VISUALIZATION OF HIV-1 INTEGRATION IN REAL-TIME PROJECT SUMMARY / ABSTRACT Retroviral infections, including HIV and HTLV, continue to be a pandemic problem. While several drug therapies are able to treat HIV-1 infection, the virus's propensity to develop resistance mutations remains challenging. A clear priority for the HIV-1 treatment arsenal is to identifying novel drug targets. Stable integration of a retroviral donor cDNA into the host chromosome is absolutely required for a productive infection. Nearly three decades of research have established that retroviral integration is extremely inefficient in vivo and in vitro. Integration is catalyzed by the retrovirus encoded integrase (IN), which in many retroviruses forms a tetramer complex with the two viral cDNA long terminal repeat (LTR) ends (termed an intasome). The IN protein removes two 3' nucleotides and catalyzes end joining (strand transfer) of the resulting recessed 3' hydroxyls across one major groove of the target DNA separated by 4-6 bp. HIV-1 integration requires a host protein co-factor PSIP1/LEDGF/p75 for stable intasome assembly and to target integration to chromatin marked with the histone H3(K36) trimethylation post-translational modification (PTM). Remarkably, the prototype foamy virus (PFV) remains the only complete intasome structure. While anti- retroviral drugs that target the HIV-1 enzyme integrase also inhibit the PFV integrase, it remains unclear whether the integration mechanics of these respective retroviral intasomes are similar. We have used novel single molecule analytical tools to demonstrate that the PFV intasome catalyzes the two strand transfer events during integration in quick succession. We also visualized PFV intasomes on a linear target DNA and determined that the vast majority of IN-mediated search events were nonproductive. Together these observations suggested that target site selection limits PFV integration. We propose to extend our single molecule analysis to the biophysical mechanism of HIV-1 integration. Our preliminary studies have already identified significant differences between PFV and HIV-1, suggesting that the biophysical analysis of HIV-1 is likely to be more relevant to human health. Several important questions will be addressed in this new grant application: 1.) What are the protein dynamics of HIV-1 IN during the DNA target search and integration? 2.) What are the viral DNA dynamics during the DNA target search and integration process? 3.) What constitutes an efficient DNA target site? 4.) What factors influence the DNA target search process? 5.) What are the dynamics of intasome targeting on chromatin? We propose to utilize several innovative single molecule imaging systems to visualize HIV-1 integration in real- time. We will examine DNA lesions and mechanically altered DNA structures that may mimic the preferred target DNA configuration as well as chromatin containing histones with specific PTMs. These studies are designed to fully interrogate the animated processes associated with HIV-1 integration.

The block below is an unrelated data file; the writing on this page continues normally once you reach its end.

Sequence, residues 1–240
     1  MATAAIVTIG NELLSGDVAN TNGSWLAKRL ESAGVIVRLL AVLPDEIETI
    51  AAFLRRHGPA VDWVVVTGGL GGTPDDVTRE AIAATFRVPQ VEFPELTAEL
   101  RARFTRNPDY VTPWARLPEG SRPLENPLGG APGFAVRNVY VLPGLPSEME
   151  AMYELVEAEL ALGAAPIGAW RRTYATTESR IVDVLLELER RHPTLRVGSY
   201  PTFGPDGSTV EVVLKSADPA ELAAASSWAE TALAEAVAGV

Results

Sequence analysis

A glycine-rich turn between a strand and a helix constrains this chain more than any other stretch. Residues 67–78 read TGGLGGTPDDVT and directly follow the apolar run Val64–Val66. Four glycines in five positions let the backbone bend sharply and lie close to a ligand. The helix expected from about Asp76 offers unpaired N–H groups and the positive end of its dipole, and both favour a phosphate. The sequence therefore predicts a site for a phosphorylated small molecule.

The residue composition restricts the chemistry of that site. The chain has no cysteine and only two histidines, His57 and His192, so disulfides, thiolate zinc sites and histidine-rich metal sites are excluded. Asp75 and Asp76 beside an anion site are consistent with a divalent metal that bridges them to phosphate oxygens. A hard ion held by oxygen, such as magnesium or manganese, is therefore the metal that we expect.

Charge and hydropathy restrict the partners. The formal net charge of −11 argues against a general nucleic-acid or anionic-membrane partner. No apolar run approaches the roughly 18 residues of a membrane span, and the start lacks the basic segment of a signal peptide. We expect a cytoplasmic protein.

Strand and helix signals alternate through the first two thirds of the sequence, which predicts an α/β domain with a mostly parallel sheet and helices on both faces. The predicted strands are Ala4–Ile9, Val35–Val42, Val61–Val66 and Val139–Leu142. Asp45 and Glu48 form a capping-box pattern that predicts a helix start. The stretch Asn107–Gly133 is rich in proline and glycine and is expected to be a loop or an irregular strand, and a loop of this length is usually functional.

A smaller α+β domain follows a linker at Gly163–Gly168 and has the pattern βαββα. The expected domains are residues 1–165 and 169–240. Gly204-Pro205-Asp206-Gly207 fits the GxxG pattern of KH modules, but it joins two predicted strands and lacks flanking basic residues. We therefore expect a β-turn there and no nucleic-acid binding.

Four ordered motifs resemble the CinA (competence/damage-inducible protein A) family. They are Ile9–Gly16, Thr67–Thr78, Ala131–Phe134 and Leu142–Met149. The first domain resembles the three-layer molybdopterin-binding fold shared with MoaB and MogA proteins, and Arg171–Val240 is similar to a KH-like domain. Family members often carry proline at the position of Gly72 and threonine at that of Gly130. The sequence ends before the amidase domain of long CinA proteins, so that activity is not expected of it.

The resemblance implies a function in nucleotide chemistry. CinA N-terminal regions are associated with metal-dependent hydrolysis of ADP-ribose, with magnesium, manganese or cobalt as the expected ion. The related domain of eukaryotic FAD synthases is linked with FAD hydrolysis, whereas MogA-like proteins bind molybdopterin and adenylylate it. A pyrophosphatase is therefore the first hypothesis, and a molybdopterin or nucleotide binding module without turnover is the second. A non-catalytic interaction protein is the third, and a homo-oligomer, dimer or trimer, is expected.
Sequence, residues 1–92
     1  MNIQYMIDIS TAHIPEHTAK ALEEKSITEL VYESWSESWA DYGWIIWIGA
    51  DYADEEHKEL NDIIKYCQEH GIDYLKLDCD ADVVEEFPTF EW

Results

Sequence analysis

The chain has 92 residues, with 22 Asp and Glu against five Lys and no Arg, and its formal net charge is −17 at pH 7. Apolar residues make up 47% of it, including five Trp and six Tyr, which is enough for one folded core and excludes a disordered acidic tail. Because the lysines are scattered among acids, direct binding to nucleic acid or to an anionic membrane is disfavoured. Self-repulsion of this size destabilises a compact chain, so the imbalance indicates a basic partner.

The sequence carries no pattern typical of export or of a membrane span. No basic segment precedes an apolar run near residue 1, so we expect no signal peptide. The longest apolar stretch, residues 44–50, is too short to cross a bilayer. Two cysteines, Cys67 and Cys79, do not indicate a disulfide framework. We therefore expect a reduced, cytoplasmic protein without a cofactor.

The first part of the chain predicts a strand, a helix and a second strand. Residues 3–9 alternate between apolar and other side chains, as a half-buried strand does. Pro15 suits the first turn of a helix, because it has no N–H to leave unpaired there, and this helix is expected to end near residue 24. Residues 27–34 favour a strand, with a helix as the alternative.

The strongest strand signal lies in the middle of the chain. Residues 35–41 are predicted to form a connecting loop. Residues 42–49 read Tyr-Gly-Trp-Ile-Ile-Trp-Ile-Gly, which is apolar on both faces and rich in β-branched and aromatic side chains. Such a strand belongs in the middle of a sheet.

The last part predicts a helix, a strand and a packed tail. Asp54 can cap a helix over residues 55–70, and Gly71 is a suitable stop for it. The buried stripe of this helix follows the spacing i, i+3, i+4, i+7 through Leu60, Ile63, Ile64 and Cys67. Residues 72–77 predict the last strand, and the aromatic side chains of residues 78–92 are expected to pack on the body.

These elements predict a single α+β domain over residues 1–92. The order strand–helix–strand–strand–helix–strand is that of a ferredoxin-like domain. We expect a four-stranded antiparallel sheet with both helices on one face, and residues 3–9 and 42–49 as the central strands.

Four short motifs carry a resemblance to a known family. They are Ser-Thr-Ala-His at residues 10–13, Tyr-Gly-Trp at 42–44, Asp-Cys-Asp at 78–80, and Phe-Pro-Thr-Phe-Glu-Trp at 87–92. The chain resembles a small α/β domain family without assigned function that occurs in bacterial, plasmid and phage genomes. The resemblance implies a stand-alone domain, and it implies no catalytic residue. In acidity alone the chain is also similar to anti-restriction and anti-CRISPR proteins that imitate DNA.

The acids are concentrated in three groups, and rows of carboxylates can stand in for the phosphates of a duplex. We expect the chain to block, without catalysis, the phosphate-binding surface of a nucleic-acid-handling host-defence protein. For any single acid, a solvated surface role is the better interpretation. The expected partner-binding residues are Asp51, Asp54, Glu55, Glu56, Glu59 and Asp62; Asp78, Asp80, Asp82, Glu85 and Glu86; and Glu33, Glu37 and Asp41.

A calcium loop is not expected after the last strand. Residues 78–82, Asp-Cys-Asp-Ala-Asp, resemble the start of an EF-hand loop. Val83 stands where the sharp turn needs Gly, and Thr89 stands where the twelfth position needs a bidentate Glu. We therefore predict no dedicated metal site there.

While insertion of the HIV-1 genome into the host chromosome is essential to establish a productive infection, the mechanical processes that lead to integration remain poorly understood. We will examine HIV-1 integration in real-time with several innovative single molecule technologies and with physiologically relevant chromatin targets. The ultimate goal is to substantially advance the quantitative understanding of this critical step in the retroviral life cycle.